Prior to commencing the 6-month pilot scheme of monthly school diabetes drop-in clinics, verbal and/or written consent was obtained from the CYP, their guardians and the schools. The target age was 11–16 years, attending 22 local secondary schools over five counties. Voluntary sessions were conducted in an identified space within the school to reduce any potential feelings of being “singled out”. The boundaries of confidentiality were communicated and the CYP were aware that anything that was discussed that highlighted risk would need to be escalated. This is an explicit requirement of the Nursing and Midwifery Council (2000) Code of Practice (paragraph 5) and can be found in the ethical codes of all other health professions.

The young person’s voice and engagement were paramount in the sessions. Livesley and Long (2013) advised there is growing evidence that CYP’s subjective interpretations of events may differ significantly from those of adults; yet CYP’s knowledge regarding treatment remain relatively unexplored. The sessions aimed to give the CYP the opportunity to talk to the professional without having guardians listening and potentially interrupting. HbA1c was checked, and glucose meter and insulin pump data were downloaded. Quarterly hospital clinics and nurse-led reviews continued to be offered to all patients.


A high level of attendance to the clinics (87%) was recorded, with only 13% choosing not to attend over the 6-month pilot. Some individuals disclosed that they did not want to attend if clinics were run by certain members of the MDT, so the MDT rotated to accommodate this and attendance increased gradually. WNB rates to hospital clinics declined, CYP reported their anxiety levels had reduced and the MDT achieved the target of seeing patients at least every 6–8 weeks.

It was noted that some patients’ high HbA1c levels (>100 mmol/mol) were not reduced (Figure 1). When reasons for this were explored, there seemed to be a lack of motivation as a result of years of inadequate diabetes management, scantiness of support at home from guardians and escalating mental health issues. Kordonouri et al (2019) suggest that age-related challenges, sociodemographic factors and psychological comorbidities are all barriers to achieving best possible glycaemic outcomes.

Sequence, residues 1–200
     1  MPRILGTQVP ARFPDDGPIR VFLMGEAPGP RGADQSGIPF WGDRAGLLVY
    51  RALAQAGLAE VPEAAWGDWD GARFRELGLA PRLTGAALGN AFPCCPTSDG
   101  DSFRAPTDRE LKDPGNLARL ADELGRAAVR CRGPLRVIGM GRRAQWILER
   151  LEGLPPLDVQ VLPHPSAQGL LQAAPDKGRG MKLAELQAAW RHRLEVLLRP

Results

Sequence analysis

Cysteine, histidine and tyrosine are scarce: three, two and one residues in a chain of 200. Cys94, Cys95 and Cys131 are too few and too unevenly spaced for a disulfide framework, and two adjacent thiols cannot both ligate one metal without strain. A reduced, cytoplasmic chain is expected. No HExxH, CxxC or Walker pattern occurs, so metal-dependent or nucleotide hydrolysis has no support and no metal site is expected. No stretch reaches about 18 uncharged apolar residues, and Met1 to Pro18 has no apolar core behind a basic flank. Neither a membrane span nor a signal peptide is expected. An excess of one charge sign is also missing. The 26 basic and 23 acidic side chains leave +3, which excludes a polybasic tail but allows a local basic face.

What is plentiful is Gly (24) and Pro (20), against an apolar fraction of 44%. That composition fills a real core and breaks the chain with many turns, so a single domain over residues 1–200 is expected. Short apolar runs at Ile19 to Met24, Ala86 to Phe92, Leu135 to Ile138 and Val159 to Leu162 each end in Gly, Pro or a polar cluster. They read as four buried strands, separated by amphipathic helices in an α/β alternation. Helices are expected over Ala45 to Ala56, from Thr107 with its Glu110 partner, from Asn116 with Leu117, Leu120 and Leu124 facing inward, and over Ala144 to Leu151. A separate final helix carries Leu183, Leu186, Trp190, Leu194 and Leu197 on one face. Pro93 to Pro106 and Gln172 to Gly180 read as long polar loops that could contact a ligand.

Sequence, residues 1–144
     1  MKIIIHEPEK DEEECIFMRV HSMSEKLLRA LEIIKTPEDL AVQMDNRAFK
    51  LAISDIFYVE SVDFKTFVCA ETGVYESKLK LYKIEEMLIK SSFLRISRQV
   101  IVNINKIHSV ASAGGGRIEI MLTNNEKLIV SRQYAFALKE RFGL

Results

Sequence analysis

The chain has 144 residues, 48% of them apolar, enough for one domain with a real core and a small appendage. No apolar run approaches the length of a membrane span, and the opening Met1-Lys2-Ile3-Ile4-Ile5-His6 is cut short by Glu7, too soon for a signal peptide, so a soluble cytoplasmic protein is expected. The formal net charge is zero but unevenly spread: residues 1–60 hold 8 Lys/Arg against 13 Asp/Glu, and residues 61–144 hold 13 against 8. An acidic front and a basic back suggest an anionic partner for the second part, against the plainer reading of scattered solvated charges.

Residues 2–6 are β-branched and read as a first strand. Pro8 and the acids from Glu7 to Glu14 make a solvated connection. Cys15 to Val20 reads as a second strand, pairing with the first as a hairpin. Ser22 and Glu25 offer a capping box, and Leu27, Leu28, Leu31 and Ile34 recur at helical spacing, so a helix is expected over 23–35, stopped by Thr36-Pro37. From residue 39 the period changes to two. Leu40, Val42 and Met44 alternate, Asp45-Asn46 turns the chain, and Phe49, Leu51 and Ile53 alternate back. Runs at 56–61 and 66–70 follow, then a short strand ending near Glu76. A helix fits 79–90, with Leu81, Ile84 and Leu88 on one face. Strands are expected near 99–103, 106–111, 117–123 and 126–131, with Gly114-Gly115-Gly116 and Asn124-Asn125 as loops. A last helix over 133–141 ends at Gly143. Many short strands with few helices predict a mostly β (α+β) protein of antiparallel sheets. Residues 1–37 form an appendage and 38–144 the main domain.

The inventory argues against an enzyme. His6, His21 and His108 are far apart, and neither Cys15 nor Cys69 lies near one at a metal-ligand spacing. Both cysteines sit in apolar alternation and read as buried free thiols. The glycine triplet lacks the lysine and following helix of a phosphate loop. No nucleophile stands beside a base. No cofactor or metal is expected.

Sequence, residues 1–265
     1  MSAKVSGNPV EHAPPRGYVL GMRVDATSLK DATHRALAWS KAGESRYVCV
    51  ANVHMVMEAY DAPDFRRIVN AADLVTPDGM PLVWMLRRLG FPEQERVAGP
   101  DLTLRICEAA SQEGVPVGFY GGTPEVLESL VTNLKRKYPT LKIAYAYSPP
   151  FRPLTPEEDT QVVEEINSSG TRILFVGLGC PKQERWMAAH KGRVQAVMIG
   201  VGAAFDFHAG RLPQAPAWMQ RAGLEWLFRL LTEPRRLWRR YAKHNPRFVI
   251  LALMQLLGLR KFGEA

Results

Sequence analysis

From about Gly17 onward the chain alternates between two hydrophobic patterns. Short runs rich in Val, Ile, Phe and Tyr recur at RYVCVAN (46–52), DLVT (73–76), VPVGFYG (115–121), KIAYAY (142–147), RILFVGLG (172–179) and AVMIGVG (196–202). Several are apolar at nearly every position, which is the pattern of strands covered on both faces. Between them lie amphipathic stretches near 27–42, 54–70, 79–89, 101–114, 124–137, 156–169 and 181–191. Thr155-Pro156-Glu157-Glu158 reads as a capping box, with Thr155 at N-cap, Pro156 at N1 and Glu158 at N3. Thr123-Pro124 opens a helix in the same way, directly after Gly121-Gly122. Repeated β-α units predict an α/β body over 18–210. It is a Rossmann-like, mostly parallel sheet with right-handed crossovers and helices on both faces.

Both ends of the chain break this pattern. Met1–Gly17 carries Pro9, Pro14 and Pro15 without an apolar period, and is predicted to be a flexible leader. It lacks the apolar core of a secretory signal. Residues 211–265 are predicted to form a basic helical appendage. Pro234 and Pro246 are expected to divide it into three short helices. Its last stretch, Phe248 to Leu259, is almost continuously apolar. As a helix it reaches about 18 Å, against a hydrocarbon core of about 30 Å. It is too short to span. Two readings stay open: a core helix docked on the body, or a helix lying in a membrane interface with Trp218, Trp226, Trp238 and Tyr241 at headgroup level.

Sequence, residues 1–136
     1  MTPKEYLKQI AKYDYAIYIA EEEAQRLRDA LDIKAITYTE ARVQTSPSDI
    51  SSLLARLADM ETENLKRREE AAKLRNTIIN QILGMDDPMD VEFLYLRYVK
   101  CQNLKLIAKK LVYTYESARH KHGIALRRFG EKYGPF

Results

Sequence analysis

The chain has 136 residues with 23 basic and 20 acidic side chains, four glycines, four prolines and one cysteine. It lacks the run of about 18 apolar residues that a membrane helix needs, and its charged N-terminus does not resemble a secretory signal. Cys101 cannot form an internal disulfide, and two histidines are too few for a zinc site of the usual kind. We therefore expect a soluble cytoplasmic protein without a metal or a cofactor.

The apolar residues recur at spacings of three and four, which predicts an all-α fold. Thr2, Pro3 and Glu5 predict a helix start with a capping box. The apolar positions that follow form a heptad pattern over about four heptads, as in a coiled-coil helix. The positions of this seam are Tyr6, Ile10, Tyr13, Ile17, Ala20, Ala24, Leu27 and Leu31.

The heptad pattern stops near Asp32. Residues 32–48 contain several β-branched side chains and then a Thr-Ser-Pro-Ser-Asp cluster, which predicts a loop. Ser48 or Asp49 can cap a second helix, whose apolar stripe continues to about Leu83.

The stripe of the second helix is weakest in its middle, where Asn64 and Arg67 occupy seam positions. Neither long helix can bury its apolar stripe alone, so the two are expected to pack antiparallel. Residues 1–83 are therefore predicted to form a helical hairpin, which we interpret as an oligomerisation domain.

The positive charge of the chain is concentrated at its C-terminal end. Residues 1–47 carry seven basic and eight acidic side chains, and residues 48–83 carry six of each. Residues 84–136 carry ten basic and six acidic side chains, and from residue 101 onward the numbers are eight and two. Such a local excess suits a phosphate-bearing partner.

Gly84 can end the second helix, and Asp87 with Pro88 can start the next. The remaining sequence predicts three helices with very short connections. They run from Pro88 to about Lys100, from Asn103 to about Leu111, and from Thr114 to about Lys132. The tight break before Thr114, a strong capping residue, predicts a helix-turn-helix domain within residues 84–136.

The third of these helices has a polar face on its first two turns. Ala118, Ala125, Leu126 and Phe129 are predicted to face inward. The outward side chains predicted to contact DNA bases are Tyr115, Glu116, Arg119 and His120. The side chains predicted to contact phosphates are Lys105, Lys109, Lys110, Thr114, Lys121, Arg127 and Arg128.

For CYP who were initially in the “amber” group for their high HbA1c levels, reductions in HbA1c were noted (Figure 1) and became closer to the target level of 48 mmol/mol (NICE, 2020). The MDT also reported that more CYP improved their HbA1c level, and a reduction in the overall deterioration of patients’ HbA1c level was seen.

All CYP were asked to complete an anonymous evaluation on their experiences and suggest any areas for improvement. Odiase et al (2020) highlight the importance of reviewing practice and that the impact of a consultation is affected by multiple factors, such as delivery style, communication skills, personality type and connectivity between the CYP and healthcare professional.

Anecdotally, CYP reported that they felt supported in school clinics and that small concerns raised were alleviated before they escalated. Some CYP explained they felt rushed at times, so school clinic slots were increased to make more time available for them. Knowledge gaps and “learned habits”, for example missing blood test readings, omitting insulin doses and forgetting to monitor ketones when blood glucose results are above 14 mmol/L, were discovered and appropriate guidance and teaching were given. Emotional difficulties were identified and addressed with referrals to peer support and school counselling services.

Lifestyle challenges associated with family dynamics and academic performance not previously known to the team were also shared by the CYP and school, including suboptimal school attendance, bullying, self-harm or high-risk behaviours. In these cases, supplementary referrals to the team’s clinical psychologist were made. An increase in engagement of CYP in self-management of their diabetes was observed by the school. Unfortunately, however, it was noted that some CYP still felt unmotivated to self-manage their diabetes and therefore did not improve their management or reduce their HbA1c level.

In a small sample of CYP included in the pilot, it appeared that the areas of most concern were hypoglycaemic episodes and suboptimal dietary habits. The opportunity to deliver dietary guidance in the school canteen was a great benefit as CYP gained confidence in healthy eating and carbohydrate counting. King (2015) suggested that for CYP with type 1 diabetes, being able to accurately calculate the amount of carbohydrate in something they are going to eat is essential for the effective management of their blood glucose levels. Once they can confidently calculate carbohydrates, they have much more freedom to eat what they want, when they want.

The school clinics gave the MDT the opportunity to stress the importance directly to the school staff in allowing the CYP the time and resources required to successfully complete this task. CYP explained that they felt more prepared for transition to the young persons’ clinic and had the opportunity to discuss sensitive topics, including sex, alcohol, smoking and drugs, without having guardians present. Thynne et al (2014) explained the journey of a young person with type 1 diabetes is laden with challenges, especially during the  transition from paediatric to adult services. It is the responsibility of healthcare professionals to ensure that the journey is as smooth as possible.  

Results from the evaluations (see Figure 2) showed that CYP often associated hospital appointments with negative experiences, due to guardians taking control of their consultations. Furthermore, some CYP reported feeling that a reduction in HbA1c was the main priority of the hospital appointments.